16 May '13

An Author’s After Dark 2013 Spotlight – Claire Ashgrove "(Im) perfect Characters"

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When I asked for some topic suggestions, our lovely hostess made an observation that I’ve known, but haven’t heard many people remark on.  And I was tickled pink that she commented on it.  My characters are imperfect.
You see, for me to write a story, I have to believe the story is possible.  And for that to happen, the characters who are going to find a never-ending love have to be plausible.  I don’t know many Barbie and Kens, frankly.  Sure, I have some drop-dead gorgeous friends, but beneath the muscles, or the silky hair, there are flaws.  Things they are self-conscious about.  Secrets they don’t want random strangers to discover. They are real human beings.  And those are the people I want to write about—the fictional people we can all relate to in some fashion.
It can be a tricky balance, to be certain.  The character still has to be likeable and fit an acceptable paradigm of actions.  But imperfect characters are so fun to create!  Take for instance Noelle in Immortal Surrender.  She’s not a knockout, but she’s pretty.  To compensate for that ‘advantage’ I gave her glasses and a naivety that stems from being teased most of her teenage years for being the nerdy girl.  She’s still a bit nerdy and she’s clumsy.  Which made for some very fun scenes when her feet got in the way!

Farran de Clare, loyal member of the cursed Knights Templar, wants nothing to do with predestined mates. Even the Almighty won’t turn him into a fool again—he’d rather sacrifice his soul. Yet in the scientist Noelle Keane, a devout atheist, Farran meets the seraph designed for him.

 

Ordered by the archangel Gabriel to protect Noelle, the possessor of a sacred relic that could give Azazel incredible power, Farran swears to do his duty—but in name only. Fighting an attraction that grows with each day, he’s determined that he’ll never pledge himself to her.

 

As they war over her future, their mutual passion ignites a conflict far more damning. But before Noelle will agree to eternity with him, she demands the ultimate sacrifice—his heart

Imperfectness adds another dimension to the characters.  Alexei in Lie to Me is one of my favorite male characters.  He’s tough, in control, strong, sexy and smart.  But he has a shameful secret that makes believing in the woman he loves very difficult. 

After helping to break up a Russian human trafficking ring as part of the CIA’s elite Black Opal team, Alexei Nikanova’s newest assignment is to rescue one of the stolen women and return her to her father. When he arrives in Dubai, he discovers his target is Sasha Zablosky—a woman he knows all too well, and who has haunted him ever since their one unforgettable night together. But he finds Sasha reluctant to leave her Sheik, the only true friend she’s ever known. Only Alexei can’t give her a choice.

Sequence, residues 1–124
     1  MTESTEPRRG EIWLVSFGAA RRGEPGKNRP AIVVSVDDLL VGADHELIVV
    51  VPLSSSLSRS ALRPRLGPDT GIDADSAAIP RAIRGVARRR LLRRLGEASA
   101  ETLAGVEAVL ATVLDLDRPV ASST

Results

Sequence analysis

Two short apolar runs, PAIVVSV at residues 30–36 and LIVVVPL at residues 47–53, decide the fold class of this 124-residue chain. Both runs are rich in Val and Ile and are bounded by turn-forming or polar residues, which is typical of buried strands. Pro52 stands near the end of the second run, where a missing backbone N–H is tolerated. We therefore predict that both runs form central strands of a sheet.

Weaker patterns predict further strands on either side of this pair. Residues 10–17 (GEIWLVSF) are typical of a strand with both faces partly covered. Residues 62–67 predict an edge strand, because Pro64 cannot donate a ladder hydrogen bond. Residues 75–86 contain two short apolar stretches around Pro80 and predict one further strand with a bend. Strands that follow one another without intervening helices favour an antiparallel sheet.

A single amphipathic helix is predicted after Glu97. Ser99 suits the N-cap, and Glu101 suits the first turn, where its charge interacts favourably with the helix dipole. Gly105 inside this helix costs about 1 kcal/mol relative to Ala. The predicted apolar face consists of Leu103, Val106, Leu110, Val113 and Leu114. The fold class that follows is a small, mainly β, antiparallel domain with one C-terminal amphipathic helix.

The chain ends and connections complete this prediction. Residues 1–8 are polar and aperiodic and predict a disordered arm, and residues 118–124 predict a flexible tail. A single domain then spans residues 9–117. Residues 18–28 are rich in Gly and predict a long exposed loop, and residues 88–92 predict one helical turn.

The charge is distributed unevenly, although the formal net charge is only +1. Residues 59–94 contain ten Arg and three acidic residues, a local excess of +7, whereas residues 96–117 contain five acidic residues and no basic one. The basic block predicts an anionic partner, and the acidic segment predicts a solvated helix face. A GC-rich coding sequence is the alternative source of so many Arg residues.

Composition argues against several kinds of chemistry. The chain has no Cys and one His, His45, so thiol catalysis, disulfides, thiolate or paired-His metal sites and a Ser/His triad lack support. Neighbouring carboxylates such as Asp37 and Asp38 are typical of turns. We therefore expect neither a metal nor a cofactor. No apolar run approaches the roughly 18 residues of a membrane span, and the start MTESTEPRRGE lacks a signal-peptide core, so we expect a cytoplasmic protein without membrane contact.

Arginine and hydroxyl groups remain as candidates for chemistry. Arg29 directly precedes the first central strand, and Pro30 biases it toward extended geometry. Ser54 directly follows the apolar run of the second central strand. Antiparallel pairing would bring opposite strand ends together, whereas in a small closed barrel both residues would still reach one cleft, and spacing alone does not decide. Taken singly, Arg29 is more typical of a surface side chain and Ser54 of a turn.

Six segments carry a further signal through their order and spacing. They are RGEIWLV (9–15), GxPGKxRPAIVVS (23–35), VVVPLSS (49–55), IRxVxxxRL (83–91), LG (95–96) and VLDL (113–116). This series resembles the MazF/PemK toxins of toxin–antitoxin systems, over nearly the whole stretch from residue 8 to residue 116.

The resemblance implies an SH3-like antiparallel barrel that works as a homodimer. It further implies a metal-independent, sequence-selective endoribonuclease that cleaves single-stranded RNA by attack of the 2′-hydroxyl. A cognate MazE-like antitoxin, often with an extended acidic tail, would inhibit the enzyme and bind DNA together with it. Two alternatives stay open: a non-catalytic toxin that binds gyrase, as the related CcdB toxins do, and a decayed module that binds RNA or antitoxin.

With their yearning roused by intrigue, Alexei and Sasha can no longer resist and spend night after night in forbidden pleasure. Soon Alexei finds himself falling for her even as he battles a shadowy menace to protect her. But Sasha is no innocent. She has a past darker than she could ever admit or that Alexei could ever forgive. And it is about to explode into her life once more. Now, as the lies they tell themselves—and each other—pull them deeper into a perilous desire, what began as simple passion becomes a love certain to destroy them and end the lives of countless innocents.

I like to think of my characters as just a little bit broken.  I believe the trick to doing this is to start with an acceptable mold, then dig a little deeper.  Find that birthmark, that hidden childhood event, that insecurity that the other character can both make fester as well as heal.  Once you’ve identified it, make it a poignant part of their lives, not just something stuffed beneath the bed.

After all, we know every romance has a happily ever after.  It’s fictional fantasy guaranteed to melt our hearts.  But isn’t it so much more real and ever-lasting if we are looking at characters we might possibly encounter in the world around us, as opposed to the princes and princesses we will likely never encounter?
Thanks for having me here today!  I look forward to seeing everyone at Authors After Dark this year.  Meanwhile, I’d love to hear your thoughts on flawed characters!
~Claire

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